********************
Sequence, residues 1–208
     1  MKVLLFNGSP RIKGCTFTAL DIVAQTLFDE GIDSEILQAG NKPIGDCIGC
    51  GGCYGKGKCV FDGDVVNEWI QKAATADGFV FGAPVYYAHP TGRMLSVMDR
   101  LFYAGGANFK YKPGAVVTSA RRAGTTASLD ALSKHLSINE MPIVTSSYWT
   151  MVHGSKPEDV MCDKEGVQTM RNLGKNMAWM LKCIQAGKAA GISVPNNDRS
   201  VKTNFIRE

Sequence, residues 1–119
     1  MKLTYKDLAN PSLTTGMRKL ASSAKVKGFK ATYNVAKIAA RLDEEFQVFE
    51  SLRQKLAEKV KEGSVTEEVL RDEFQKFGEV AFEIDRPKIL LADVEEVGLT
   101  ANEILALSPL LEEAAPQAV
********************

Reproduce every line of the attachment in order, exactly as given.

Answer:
Sequence, residues 1–208
     1  MKVLLFNGSP RIKGCTFTAL DIVAQTLFDE GIDSEILQAG NKPIGDCIGC
    51  GGCYGKGKCV FDGDVVNEWI QKAATADGFV FGAPVYYAHP TGRMLSVMDR
   101  LFYAGGANFK YKPGAVVTSA RRAGTTASLD ALSKHLSINE MPIVTSSYWT
   151  MVHGSKPEDV MCDKEGVQTM RNLGKNMAWM LKCIQAGKAA GISVPNNDRS
   201  VKTNFIRE

Sequence, residues 1–119
     1  MKLTYKDLAN PSLTTGMRKL ASSAKVKGFK ATYNVAKIAA RLDEEFQVFE
    51  SLRQKLAEKV KEGSVTEEVL RDEFQKFGEV AFEIDRPKIL LADVEEVGLT
   101  ANEILALSPL LEEAAPQAV